Abstract P197: Non-HDL Cholesterol is the Most Related Lipid Measure to Lifestyle Factors in Japanese Mild Hyperlipidemic Patients
Introduction: MEGA Study is a primary prevention trial for coronary events in Japan, in which patients with mild hyperlipidemia were randomized either to diet-alone or diet-plus-pravastatin group. The study group previously reported that moderate non-HDL-C reduction was significantly associated with reduced coronary risk in the diet-alone group. We thus assessed the hypothesis that, among lipid measures, non-HDL-C most explained bodyweight change and dietary habit (“lifestyle factors”), which in turn seemed to be related to coronary risk reduction.
Methods: We analyzed 5-year follow-up data of the subjects in diet-alone group (n = 3966). To identify the lipid measure that most related to bodyweight change and dietary habit simultaneously, we performed a canonical correlation analysis (CCA) using data averaged over the on-treatment period. CCA procedure finds the linear combination of each variable set (canonical variable) so that a correlation between two canonical variables (canonical correlation) is maximized. We then find the variable most attributing to the relation by assessing weights in a linear combination (canonical coefficients) and correlations between each variable and the canonical variable. We also conducted generalized estimating equation (GEE) analyses for exploring relationship between lipid measures and lifestyle factors using original (not-averaged) data.
Results: Table (top) shows that non-HDL-C reduction was highly attributed to the lifestyle factors (ie, high canonical coefficients of non-HDL-C) and was the most influential measure of lifestyle factors (ie, large correlations between non-HDL-C and canonical variables) throughout the different combinations of lipid measures. GEEs (Table, bottom) affirmed that non-HDL-C reduction was associated with bodyweight loss and well adherence to dietary treatment throughout the follow-up.
Conclusion: We identified non-HDL-C reduction as the most representative lipid measure for lifestyle factors in Japanese mild hyperlipidemia.
|Model 1||Model 2||Model 3||Model 4||Model 5|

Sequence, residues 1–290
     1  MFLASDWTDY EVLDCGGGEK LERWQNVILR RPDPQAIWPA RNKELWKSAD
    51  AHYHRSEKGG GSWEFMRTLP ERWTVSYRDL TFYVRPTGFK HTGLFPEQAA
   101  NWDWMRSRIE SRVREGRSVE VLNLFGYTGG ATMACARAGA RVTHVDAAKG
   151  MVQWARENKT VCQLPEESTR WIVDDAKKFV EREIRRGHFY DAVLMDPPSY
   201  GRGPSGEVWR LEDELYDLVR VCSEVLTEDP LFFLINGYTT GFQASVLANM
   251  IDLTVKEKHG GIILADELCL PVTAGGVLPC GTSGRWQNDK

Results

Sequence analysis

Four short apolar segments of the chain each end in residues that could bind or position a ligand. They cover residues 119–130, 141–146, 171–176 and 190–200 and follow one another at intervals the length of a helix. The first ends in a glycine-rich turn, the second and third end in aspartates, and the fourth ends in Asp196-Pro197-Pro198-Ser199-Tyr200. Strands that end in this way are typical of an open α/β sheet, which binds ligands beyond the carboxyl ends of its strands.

|Canonical correlation||0.23 (P <.01)||0.24 (P <.01)||0.23 (P <.01)||0.21 (P <.01)||0.21 (P <.01)|
|Lifestyle factors set|
|Adherence to dietary treatment||−0.24||−0.33||−0.24||−0.32||−0.24||−0.33||−0.32||−0.40||−0.31||−0.39|
|Weight change (%)||0.95||0.97||0.95||0.97||0.95||0.97||0.92||0.95||0.92||0.95|
|Lipid measures set|
|TC change (%)||−0.75||0.53||0.57||0.54||−1.22||0.60|
|LDL-C change (%)||−0.04||0.15||−0.05||0.14||−0.01||0.15||−0.23||0.18||−0.25||0.17|
|HDL-C change (%)||−0.28||−0.55||−0.48||−0.56||−0.46||−0.60|
|Non-HDL-C change (%)||0.59||0.76||1.32||0.75||0.90||0.85||2.09||0.84|
|TG change (%)||0.51||0.80||0.51||0.80||0.53||0.81|
Dietary habits were recorded as “adherence to dietary treatment” data recorded as: 0, not/seldom adhere; 1, almost/completely adhere. Data on lipid and bodyweight during the follow-up were used as change rates from baseline rather than recorded values themselves.
↵* Standardized canonical coefficient
↵† Correlation coefficient to each canonical variable
|Weight change*||Adherence to dietary treatment|
|Reduction (g)||95% CI||Odds ratio||95% CI|
|TC reduction (10%)||296.2||234.9, 357.6||1.34||1.27, 1.41|
|LDL-C reduction (10%)||67.2||−14.5, 149.0||1.08||1.00, 1.18|
|HDL-C increase (10%)||239.9||192.2, 287.7||0.97||0.94, 1.01|
|Non-HDL-C reduction (10%)||324.7||272.9, 376.6||1.25||1.20, 1.30|
|TG reduction (10%)||104.0||90.7, 117.2||1.03||1.02, 1.04|
All models adjusted for baseline characteristics: gender, blood pressure levels, and other lipid measures.
↵* Means (SDs) of weight change (g) among patients with decreasing non-HDL-C (n = 2586, median change rate was -6.4%) and with increasing non-HDL-C (n = 1371, median change rate was 4.5%) were -468.5 (924.8) and 24.1 (1747.9), respectively
- © 2012 by American Heart Association, Inc.